The FT reports this morning that payday lenders (or legal loan sharks as they are also known) have been flooding into the country looking to take advantage of hard-up recession-hit borrowers and the UK’s lax lending laws. Borrowing at rates of up to 5,000 per cent, customers can find their debts escalating at a startling pace.
Even though many other countries have interest rate caps, the UK has never gone down that route. The government has always said it is wary of implementing such a cap in case it pushes poor people into the hands of illegal loan sharks instead.
Labour MP Stella Creasy has also waged a long campaign to get the government to crack down on these companies, and now her campaign is gaining momentum. Read more
Reading accounts of the deal agreed between Nicolas Sarkozy and Angela Merkel last night to impose new rules on EU countries to guarantee fiscal discipline, you might think the two countries were uniting to save the Eurozone from its more profligate members.
But which two countries first broke the rule that deficits should not go above 3 per cent of GDP? It was France and Germany, back in 2003. What’s more, the two then united to make sure that they wouldn’t face sanctions for doing so – effectively destroying the rules (known as the “growth and stability pact”) altogether.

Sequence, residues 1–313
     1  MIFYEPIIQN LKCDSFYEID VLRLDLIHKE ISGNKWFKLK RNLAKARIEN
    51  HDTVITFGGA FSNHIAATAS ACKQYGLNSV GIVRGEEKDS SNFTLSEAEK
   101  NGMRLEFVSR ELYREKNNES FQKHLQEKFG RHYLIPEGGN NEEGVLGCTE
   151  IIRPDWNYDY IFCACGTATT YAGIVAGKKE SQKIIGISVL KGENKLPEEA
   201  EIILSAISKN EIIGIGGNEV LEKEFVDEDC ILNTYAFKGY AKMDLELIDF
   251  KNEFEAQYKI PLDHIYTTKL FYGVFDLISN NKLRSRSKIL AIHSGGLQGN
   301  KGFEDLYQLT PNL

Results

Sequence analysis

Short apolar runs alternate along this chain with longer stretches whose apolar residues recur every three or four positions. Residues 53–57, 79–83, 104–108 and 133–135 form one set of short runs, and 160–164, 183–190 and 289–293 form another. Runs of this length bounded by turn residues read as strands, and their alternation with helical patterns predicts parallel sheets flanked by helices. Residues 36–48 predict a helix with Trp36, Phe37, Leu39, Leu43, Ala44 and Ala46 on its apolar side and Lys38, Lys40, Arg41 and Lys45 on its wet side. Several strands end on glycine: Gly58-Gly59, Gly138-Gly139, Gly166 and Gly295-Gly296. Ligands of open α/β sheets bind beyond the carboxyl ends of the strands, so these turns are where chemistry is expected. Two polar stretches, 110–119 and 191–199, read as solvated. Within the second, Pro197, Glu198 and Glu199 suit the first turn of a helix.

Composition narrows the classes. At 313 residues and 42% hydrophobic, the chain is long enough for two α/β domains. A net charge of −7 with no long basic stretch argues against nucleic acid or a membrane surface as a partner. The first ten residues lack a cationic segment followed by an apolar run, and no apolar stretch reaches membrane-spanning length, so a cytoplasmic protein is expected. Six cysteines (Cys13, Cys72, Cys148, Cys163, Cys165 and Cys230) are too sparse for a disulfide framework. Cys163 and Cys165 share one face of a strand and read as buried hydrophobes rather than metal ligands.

What’s more, they were supported in this action by the UK (otherwise known as the country that like to lecture others on fiscal discipline). Gordon Brown was chancellor at the time. Read more
Rather a strong question in the heading, you might think. But when YouGov asked thousands of people about the characteristics of our national leaders the replies were striking.
Asked whether leaders were “strong” the replies were Cameron 18 per cent, Ed Miliband 7 per cent and Nick Clegg4 per cent.
On “good in a crisis“, it was Cameron 13 per cent, Miliband 4 per cent and Clegg 3 per cent.
“In touch with ordinary people” produced a different result with Cameron on 8 per cent, Miliband on 21 per cent and Clegg on 11 per cent. (Miliband was also slightly ahead on ‘honest‘).
As for “natural leader“, Cameron was on 17 per cent with Miliband and Clegg both tied on 5 per cent.
The most striking angle is not who comes out with the most popular personality but just how low the scores are throughout; suggesting the low regard with which our political leaders are held.
With eight positive characteristics to choose from, 58 per cent of those surveyed – when asked to describe Nick Clegg – replied “none of these”.
More broadly, Labour – who might be expected to do well out of the government’s economic difficulties – appears to be treading water in the polls. Sunday’s ICM poll Read more
A British protester burns an EU flag
Two sources who would know have told members of our political team that the chances of having a referendum on EU membership this parliament are very low indeed.
One ruled it out altogether, the other said the “number one priority” of coalition policy on Europe was not to have one.
David Cameron pretty much guaranteed that today when he said there would only be a referendum “if a new treaty passes powers from UK to Brussels” adding:
As Prime Minister, I do not think the issue will arise.